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Goal completion: the rocket equations
post by Stuart Armstrong 674 days ago | 3 comments

A putative new idea for AI control; index here.

I’m calling “goal completion” the idea of giving an AI a partial goal, and having the AI infer the missing parts of the goal, based on observing human behaviour. Here is an initial model to test some of these ideas on.

The linear rocket


On an infinite linear grid, an AI needs to drive someone in a rocket to the space station. Its only available actions are to accelerate by -3, -2, -1, 0, 1, 2, or 3, with negative acceleration meaning accelerating in the left direction, and positive in the right direction. All accelerations are applied immediately at the end of the turn (the unit of acceleration is in squares per turn per turn), and there is no friction. There in one end-state: reaching the space station with zero velocity.

The AI is told this end state, and is also given the reward function of needing to get to the station as fast as possible. This is encoded by giving it a reward of -1 each turn.

What is the true reward function for the model? Well, it turns out that an acceleration of -3 or 3 kills the passenger. This is encoded by adding another variable to the state, “PA”, denoting “Passenger Alive”. There are also some dice in the rocket’s windshield. If the rocket goes by the space station without having velocity zero, the dice will fly off; the variable “DA” denotes “dice attached”.

Furthermore, accelerations of -2 and 2 are uncomfortable to the passenger. But, crucially, there is no variable denoting this discomfort.

Therefore the full state space is a quadruplet (POS, VEL, PA, DA) where POS is an integer denoting position, VEL is an integer denoting velocity, and PA and DA are booleans defined as above. The space station is placed at point S < 250,000, and the rocket starts with POS=VEL=0, PA=DA=1. The transitions are deterministic and Markov; if ACC is the acceleration chosen by the agent,

((POS, VEL, PA, DA), ACC) -> (POS+VEL, VEL+ACC, PA=0 if |ACC|=3, DA=0 if POS+VEL>S).

The true reward at each step is given by -1, -10 if PA=1 (the passenger is alive) and |ACC|=2 (the acceleration is uncomfortable), -1000 if PA was 1 (the passenger was alive the previous turn) and changed to PA=0 (the passenger is now dead).

To complement the stated reward function, the AI is also given sample trajectories of humans performing the task. In this case, the ideal behaviour is easy to compute: the rocket should accelerate by +1 for the first half of the time, by -1 for the second half, and spend a maximum of two extra turns without acceleration (see the appendix of this post for a proof of this). This will get it to its destination in at most 2(1+√S) turns.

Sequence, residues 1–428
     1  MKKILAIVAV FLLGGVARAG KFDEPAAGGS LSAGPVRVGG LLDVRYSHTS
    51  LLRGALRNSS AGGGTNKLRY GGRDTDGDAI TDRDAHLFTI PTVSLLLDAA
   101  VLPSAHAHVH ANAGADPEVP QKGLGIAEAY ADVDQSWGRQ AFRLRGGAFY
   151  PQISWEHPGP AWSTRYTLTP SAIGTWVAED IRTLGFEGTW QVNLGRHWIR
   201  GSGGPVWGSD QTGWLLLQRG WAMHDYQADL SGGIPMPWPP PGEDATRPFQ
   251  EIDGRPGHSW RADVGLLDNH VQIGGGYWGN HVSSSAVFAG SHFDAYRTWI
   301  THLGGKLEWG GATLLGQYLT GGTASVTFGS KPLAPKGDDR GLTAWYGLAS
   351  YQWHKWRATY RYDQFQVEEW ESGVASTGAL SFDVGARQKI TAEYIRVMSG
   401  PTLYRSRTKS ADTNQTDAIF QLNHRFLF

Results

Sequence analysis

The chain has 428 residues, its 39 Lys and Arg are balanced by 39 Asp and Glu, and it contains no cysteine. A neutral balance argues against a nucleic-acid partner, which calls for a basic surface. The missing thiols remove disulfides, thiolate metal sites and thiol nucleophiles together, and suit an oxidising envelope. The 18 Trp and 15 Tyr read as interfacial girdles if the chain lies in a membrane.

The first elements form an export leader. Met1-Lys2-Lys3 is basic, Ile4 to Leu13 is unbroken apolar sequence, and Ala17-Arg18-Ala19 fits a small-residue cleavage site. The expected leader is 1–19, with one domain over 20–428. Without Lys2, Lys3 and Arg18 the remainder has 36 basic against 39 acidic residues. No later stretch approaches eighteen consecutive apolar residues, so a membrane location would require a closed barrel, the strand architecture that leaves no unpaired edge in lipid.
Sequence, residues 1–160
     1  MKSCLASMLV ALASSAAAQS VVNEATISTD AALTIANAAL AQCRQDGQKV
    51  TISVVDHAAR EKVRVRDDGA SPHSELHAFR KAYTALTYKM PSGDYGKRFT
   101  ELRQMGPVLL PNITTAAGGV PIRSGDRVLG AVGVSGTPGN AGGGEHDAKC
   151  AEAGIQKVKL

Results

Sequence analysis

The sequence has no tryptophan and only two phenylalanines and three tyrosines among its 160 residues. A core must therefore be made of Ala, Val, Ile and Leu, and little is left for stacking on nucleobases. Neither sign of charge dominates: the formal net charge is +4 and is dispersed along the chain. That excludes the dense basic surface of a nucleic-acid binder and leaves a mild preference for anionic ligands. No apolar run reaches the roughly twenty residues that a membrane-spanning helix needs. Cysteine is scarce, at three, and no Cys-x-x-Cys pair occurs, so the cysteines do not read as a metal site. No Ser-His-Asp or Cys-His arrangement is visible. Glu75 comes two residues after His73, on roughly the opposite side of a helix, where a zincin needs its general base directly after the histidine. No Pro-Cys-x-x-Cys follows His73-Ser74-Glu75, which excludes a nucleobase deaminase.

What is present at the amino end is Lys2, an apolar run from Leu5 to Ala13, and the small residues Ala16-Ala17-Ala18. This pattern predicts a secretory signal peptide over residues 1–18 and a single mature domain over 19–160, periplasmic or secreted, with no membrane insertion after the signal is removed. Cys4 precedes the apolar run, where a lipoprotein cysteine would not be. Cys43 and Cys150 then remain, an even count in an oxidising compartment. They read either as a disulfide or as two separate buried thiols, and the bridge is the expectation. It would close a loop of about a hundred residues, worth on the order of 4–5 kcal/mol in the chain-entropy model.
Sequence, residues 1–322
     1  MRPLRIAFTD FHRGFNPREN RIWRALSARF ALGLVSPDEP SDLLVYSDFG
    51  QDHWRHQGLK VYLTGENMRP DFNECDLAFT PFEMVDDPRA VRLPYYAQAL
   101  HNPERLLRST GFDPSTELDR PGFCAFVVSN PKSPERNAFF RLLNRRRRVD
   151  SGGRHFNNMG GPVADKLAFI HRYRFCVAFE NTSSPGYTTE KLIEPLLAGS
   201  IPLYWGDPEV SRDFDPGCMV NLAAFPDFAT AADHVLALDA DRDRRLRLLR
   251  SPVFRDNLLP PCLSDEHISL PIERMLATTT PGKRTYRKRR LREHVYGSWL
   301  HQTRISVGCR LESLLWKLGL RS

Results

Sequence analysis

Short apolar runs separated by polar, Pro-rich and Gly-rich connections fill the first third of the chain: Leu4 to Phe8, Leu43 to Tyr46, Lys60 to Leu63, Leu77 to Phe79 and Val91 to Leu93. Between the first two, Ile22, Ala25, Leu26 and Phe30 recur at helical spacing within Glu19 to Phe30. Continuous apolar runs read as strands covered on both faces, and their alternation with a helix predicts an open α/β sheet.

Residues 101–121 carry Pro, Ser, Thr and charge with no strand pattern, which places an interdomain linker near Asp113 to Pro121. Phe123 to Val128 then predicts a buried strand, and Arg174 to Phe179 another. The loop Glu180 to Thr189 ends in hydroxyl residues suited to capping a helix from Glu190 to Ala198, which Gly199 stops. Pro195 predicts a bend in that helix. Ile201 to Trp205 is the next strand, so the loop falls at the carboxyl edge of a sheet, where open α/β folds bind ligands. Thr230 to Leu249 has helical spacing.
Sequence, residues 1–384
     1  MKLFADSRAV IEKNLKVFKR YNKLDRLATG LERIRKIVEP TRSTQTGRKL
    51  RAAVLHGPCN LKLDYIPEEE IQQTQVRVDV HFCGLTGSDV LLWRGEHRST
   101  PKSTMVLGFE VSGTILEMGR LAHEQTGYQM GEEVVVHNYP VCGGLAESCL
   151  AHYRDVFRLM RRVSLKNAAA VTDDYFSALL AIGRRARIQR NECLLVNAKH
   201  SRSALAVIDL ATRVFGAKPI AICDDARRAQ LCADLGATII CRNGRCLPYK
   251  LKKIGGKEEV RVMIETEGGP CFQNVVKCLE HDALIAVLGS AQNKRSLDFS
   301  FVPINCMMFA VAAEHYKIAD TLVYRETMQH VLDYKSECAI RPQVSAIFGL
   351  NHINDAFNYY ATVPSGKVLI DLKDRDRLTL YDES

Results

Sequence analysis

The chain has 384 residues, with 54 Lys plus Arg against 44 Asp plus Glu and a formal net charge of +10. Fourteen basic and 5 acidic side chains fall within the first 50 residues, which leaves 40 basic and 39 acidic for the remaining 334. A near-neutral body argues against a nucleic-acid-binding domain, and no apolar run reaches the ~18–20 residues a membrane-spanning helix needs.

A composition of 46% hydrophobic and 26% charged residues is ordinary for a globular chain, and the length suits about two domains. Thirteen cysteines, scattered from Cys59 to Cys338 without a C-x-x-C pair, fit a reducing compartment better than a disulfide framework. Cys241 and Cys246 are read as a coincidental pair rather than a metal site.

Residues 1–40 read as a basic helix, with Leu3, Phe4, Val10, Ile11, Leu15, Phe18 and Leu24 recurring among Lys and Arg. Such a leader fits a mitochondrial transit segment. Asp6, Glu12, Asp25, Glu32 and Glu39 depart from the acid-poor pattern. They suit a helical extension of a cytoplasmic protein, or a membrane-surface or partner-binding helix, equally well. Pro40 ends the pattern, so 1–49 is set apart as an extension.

Goal completion

So, the AI has been given the full transition, and has been told the reward of R=-1 in all states except the final state. Can it infer the rest of the reward from the sample trajectories? Note that there are two variables in the model, PA and DA, that are unvarying in all sample trajectories. One, PA, has a huge impact on the reward, while DA is irrelevant. Can the AI tell the difference?

Also, one key component of the reward - the discomfort of the passenger for accelerations of -2 and 2 - is not encoded in the state space of the model, purely in the (unknown) reward function. Can the AI deduce this fact?

Note that the AI can’t expect to deduce the full algorithm, just as much as is consistent with the behaviour it observed - for instance any discomfort penalty of -2 or below will give the same behaviour.

I’ll be working on algorithms to efficiently compute these facts (though do let me know if you have a reference to anyone who’s already done this before - that would make it so much quicker).

For the moment we’re ignoring a lot of subtleties (such as bias and error on the part of the human expert), and these will be gradually included as the algorithm develops. One thought is to find a way of including negative examples, specific “don’t do this” trajectories. These need to be interpreted with care, because a positive trajectory implicitly gives you a lot of negative trajectories - namely, all the choices that could have gone differently along the way. So a negative trajectory must be drawing attention to something we don’t like (most likely the killing of a human). But, typically, the negative trajectories won’t be maximally bad (such as shooting off at maximum speed in the wrong direction), so we’ll have to find a way to encode what we hope the AI learns from a negative trajectory.

To work!

Appendix: Proof of ideal trajectories

Let n be the largest integer such that n^2 ≤ S. Since S≤(n+1)^2 - 1 by assumption, S-n^2 ≤(n+1)^2 -1-n^2=2n. Then let the rocket accelerate by +1 for n turns, then decelerate by -1 for n turns. It will travel a distance of 0+1+2+ … +n-1+n+n-1+ … +3+2+1. This sum is n plus twice the sum from 1 to n-1, ie n+n(n-1)=n^2.